There is continuing on-off talk of space missions to Mars, and a rudimentary internet search brings up the 2030s as the earliest reasonably viable date for some sort of manned mission, and even the intention there is have astronauts go as far as Mars, orbit Mars, and come straight back to Earth. Here, in Voyager, Carrie (Grace Chapman) expresses interest in some sort of absurd competition, spearheaded by more than one space agency, to ask a schoolteacher to join their manned Mars mission.
Being a general sceptic of what is still science fiction, at least in the form of anyone at all other than the professional astronauts going anywhere near Mars, I found the whole ‘journey’ that Carrie goes through, round after round, call-back after call-back, by the trip organisers, almost as arduous to watch as it would have been to go through. I had no qualms with the rigorous testing procedures – in my suspension of disbelief I was reassured by them – but I felt like I was watching one of those Saturday night television series produced by Simon Cowell, watching someone progress through a contest, with the rest of their ordinary life being depicted as a ‘backstory’. All the while the ultimate question remains: is she good enough – strong enough, physically and psychologically – to go to Mars?
The show, at least, answers that question eventually, bringing things to a suitable conclusion. There are some other, expressly more realistic, themes delved into in this short play, and I did initially think the Mars trip and all it contained rather detracted from the rest of the piece. With the benefit of hindsight, the Mars plotline seemed to assert a lighter side to the play, relative to what I suppose could be called the ‘Earth plotline’ of Carrie’s life and betrothal to Ben (a very engaging Julian Spooner).
I hasten to add that I happened to react rather differently to most of the audience at the performance I attended. I found the Mars mission dubious, at best, and struggled to keep a straight face during the astronaut selection processes. But whilst laughter was rippling through the stalls as Carrie stumbles over her words whilst trying to record a video message, I could only feel concern for the young lady, as she struggled with so many of life’s problems hitting her at once.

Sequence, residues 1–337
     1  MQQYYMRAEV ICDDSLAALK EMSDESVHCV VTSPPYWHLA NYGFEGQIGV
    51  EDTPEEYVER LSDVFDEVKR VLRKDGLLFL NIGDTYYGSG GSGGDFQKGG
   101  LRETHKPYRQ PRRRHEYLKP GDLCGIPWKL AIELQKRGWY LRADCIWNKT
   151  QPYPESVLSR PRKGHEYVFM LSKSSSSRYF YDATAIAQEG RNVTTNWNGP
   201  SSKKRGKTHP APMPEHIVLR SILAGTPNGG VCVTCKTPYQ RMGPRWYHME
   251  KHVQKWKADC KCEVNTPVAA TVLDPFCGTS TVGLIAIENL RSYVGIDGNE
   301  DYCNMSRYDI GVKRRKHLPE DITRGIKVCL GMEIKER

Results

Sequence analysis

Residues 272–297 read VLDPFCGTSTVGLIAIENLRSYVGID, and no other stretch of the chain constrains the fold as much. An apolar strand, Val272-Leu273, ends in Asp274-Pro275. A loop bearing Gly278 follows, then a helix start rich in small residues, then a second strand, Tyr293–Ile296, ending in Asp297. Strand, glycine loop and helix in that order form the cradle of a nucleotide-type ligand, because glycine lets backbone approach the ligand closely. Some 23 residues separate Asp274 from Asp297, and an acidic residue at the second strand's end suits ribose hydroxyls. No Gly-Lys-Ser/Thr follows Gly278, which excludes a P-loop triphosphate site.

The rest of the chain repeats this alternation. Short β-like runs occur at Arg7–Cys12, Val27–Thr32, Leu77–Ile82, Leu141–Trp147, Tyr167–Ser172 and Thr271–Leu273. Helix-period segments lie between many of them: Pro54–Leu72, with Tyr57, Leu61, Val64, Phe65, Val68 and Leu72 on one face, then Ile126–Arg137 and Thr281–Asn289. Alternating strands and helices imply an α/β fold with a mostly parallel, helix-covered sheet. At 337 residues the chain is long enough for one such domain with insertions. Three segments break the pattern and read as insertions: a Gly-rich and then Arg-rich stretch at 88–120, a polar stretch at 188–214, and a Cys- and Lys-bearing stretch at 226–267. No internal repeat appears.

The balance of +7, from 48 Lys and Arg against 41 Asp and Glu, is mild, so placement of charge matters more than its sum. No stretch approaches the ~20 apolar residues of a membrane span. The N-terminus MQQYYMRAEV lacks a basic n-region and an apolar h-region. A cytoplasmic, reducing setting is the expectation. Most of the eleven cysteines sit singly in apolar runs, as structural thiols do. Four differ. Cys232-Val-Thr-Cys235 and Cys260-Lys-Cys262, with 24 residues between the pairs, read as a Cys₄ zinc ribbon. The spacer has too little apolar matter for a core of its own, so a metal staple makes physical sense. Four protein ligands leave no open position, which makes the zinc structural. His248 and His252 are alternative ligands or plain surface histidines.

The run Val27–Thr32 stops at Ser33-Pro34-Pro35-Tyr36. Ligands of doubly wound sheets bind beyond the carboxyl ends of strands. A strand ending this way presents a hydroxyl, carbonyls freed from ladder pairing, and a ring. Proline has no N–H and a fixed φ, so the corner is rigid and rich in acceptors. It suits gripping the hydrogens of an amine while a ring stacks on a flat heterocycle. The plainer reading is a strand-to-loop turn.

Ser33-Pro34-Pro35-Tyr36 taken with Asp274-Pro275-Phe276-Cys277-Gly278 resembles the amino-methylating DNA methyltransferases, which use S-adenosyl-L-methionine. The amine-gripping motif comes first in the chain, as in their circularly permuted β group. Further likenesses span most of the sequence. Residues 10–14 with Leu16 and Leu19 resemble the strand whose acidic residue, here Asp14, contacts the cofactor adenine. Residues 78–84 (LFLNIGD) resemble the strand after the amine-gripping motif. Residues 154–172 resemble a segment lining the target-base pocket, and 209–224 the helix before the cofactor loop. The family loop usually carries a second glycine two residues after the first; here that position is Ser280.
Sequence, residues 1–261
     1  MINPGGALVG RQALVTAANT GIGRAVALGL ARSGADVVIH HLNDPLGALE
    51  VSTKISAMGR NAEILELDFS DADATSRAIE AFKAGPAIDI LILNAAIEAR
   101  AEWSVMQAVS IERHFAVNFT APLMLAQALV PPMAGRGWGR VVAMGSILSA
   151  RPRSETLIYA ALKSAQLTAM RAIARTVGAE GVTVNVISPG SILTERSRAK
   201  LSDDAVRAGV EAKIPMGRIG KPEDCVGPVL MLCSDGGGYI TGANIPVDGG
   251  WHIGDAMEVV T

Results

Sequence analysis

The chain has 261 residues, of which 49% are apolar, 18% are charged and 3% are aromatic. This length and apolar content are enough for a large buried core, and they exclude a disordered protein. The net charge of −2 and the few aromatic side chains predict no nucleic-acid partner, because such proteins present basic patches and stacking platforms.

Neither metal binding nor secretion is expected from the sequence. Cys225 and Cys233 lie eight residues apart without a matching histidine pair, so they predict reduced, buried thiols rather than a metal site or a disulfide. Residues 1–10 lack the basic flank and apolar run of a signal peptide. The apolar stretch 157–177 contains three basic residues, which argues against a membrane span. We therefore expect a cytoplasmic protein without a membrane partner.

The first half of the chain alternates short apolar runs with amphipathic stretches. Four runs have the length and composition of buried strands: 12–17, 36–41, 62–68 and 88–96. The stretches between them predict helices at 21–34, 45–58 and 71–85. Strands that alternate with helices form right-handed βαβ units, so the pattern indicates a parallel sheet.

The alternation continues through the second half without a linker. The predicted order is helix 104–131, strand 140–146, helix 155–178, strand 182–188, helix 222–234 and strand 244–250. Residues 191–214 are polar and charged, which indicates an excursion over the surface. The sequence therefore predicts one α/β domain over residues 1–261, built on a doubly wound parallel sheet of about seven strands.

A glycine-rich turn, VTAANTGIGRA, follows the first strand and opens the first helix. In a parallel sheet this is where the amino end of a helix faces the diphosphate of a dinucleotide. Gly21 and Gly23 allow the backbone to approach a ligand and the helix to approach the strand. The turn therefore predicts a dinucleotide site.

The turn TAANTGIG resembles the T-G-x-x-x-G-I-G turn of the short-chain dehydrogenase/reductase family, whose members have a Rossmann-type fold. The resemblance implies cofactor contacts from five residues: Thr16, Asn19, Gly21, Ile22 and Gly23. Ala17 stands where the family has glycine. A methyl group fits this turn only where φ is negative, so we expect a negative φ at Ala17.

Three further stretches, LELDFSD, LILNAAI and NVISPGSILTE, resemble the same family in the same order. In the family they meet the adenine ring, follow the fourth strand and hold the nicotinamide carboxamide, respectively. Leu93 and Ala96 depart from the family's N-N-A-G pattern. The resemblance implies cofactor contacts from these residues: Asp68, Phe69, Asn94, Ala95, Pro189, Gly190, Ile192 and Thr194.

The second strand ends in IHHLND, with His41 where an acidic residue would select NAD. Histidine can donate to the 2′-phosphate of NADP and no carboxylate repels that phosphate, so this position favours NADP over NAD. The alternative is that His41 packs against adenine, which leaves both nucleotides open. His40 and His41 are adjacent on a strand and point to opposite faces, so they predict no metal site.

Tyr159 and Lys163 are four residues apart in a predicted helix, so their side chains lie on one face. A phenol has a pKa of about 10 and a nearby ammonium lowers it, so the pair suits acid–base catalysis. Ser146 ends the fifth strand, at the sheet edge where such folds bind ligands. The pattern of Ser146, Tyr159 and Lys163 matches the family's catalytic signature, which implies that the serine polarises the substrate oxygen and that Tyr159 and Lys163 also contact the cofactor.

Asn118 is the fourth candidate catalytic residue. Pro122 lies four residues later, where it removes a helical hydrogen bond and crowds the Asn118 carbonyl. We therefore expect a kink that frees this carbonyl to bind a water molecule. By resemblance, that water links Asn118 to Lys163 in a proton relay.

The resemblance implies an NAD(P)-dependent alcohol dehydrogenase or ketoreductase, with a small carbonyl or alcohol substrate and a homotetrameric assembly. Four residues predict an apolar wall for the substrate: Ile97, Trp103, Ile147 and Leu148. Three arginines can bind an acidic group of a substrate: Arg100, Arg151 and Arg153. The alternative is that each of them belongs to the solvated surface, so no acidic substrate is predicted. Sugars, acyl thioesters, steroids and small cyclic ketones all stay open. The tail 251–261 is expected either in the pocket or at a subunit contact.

There are some excellent projections that firm up the production. The choreography, although imperfect, was generally strong, particularly in a depiction of the hustle and bustle of the secondary school where Carrie works. At the real heart of the Earth plotline is a love story, and part of me thinks this show would work better as a musical, as emotions do run high at various points, for good or for ill.
There is so much that instead remains unsaid, and I wonder if a soliloquy or two could otherwise be put in to allow the audience to gauge better the frustrations and anxieties felt by Carrie and Ben as the sodding Mars trip threatens to place them worlds apart.
As it is, though, there’s still much to take away from this play. I must not let my personal distaste for sci-fi take anything away from what is certainly an imaginative piece of theatre. It ends as poignantly as it began, and I was pleasantly surprised by the play’s coherency (the Mars trip, the elephant in the room, aside). Is this a play before its time? Maybe, but it’s also quite cute and charming – and, for the most part, down to earth (sorry).
Review by Chris Omaweng
In 1977 Voyager spacecraft is launched on its journey of discovery. It carries with it a Golden record, a brief history of our time amongst the stars.
Just minutes after this momentous launch, a baby girl is born on Earth. Carrie. Four decades later Voyager is 12 billion miles from home and the furthest anything man made has ever travelled. Carrie is a teacher and soon to be married, but as Voyager leaves our solar system a strong desire to leave earth is triggered. She is faced with the prospect of leaving everythign behind she has ever knwon, to become a pioneer, on a one way mission to mars.
Using their stunning blend of multimedia, inventive staging and physicality, Voyager questions what our next giant leap should be and whether we should take it.
New Diorama Theatre
15-16 Triton St, London NW1 3BF
Tues 24 May – Sat 11 June @ 19:30